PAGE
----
For Gandy, this labor of the audience is exploitative. However, this is not to suggest that the audience is not recompensed for their labor. Gandy writes, “The payment for this work is the pleasure, stimulation, or entertainment derived from consuming the material that appears between the commercial messages.”61 The payment for this labor comes in the form of the jouissance of consumption. In exchange for the work of watching and interpreting commercials, posters, and other advertisements the audience member receives jouissance via the purchase of the product advertised. This enjoyment is in turn productive. It is through this enjoyment that the first Other qua capitalism enjoys; the first Other enjoys through the profits it derives from the consumer. There is an entire economy of jouissance here. Was it not the jouissance of television viewing (i.e. spectacular entertainment) that placed the audience member in a position to see the commercial in the first place? In this way, subjects qua consumers experience jouissance as they themselves provide jouissance to the first Other. Postmodern subjects exist in a perverse, jouissance-filled relationship with the first Other qua capitalism in which subjects are situated as the instrument of the jouissance of the first Other, who demands more and more jouissance via the maternal superego and technologies of seduction.
A recent opinion piece in the New York Times reflects this positioning of the postmodern subject. The article is titled, appropriately, “Facebook is Using You.” The author, Lori Andrews, explains a topic that has been of much concern recently: Facebook and personal information. She clearly explains the way in which the labor of consumers is utilized by the social networking site Facebook: “Facebook makes money by selling ad space to companies that want to reach us. Advertisers choose key words or details – like relationship status, location, activities, favorite books and employment – and then Facebook runs the ads for the targeted subset of its 845 million users.”62 The author describes the similar practices of the Internet search engine Google. Users provide these websites with jouissance in the form of information which in turn provide them with opportunities to consume (through advertisements), thus providing them with jouissance. And of course, their subsequent consumption provides the first Other with jouissance in the form of profits. The increasing privacy concerns surrounding such practices of information collection and of targeted advertising reflect the anxiety that subjects experience regarding the first Other’s overproximity and the jouissance of the first Other in late capitalism. In positioning ourselves as the instruments of the first Other’s jouissance, we attempt to fill in the first Other’s lack. It is the resulting lack of lack that causes us to feel anxiety before the first Other who now threatens to consume us, to swallow us entirely.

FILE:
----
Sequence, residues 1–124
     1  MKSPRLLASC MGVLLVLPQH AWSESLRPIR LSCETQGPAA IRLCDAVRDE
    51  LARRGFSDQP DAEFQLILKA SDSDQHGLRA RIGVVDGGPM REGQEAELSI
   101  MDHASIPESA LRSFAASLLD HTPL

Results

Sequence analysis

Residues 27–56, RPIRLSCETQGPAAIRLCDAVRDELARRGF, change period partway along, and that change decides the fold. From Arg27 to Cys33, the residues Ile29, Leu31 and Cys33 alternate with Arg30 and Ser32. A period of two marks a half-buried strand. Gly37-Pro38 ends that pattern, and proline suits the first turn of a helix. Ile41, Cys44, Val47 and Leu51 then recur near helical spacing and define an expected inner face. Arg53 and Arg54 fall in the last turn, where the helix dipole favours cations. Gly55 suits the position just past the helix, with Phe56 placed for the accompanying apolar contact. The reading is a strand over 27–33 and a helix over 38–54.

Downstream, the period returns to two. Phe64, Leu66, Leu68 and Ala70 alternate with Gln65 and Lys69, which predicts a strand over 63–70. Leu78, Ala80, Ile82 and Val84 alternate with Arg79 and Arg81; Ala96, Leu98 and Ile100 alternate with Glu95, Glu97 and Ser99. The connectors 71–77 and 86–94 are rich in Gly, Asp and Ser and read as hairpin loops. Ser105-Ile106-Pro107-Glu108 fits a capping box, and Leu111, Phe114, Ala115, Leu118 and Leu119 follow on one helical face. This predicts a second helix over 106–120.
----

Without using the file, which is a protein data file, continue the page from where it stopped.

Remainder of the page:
Conclusion
The rise of the Internet reflects the rapidly expanding rationalization of surveillance practices and technologies of seduction. As surveillance practices infiltrate further and further into everyday life, technologies of seduction become increasingly self-perpetuating. These technologies of seduction provide subjects with jouissance in exchange for information about their enjoyment, and this information in turn provides the means for further seduction. Postmodern subjects are thus caught in the jouissance of the Other, both enjoying and feeling anxiety regarding their position as the instrument of the Other’s jouissance. This unique operation of power functions at the level of the individual as well in the form of the maternal superego, which demands more and more jouissance from the subject. This postmodern variety of hedonism serves to perpetuate and reinforce the dominance of late capitalism, in part by furthering the individualizing and atomizing forces inherent to the operation of power under late capitalism. This effectively inhibits the formation of a collective resistance against the present field of power relations.
New forms of resistance are required to oppose these new and more flexible operations of power. Undoubtedly, new strategies of resistance are already being deployed; what remains to be seen are what form these strategies are taking, how they are opposing the current constellation of power relations under late capitalism, and how effective these strategies might be in their resistance. We postmodern subjects need to invent a new theory and practice of coming together in an Other, a new form of social bond, through which we can resist the seductions and the promises of jouissance of late capitalism, but also an Other that is less exclusive and less oppressive towards marginal groups than previous social relations. Until then, without a God qua Other, we will remain fundamentally unfree; nothing at all will be permitted.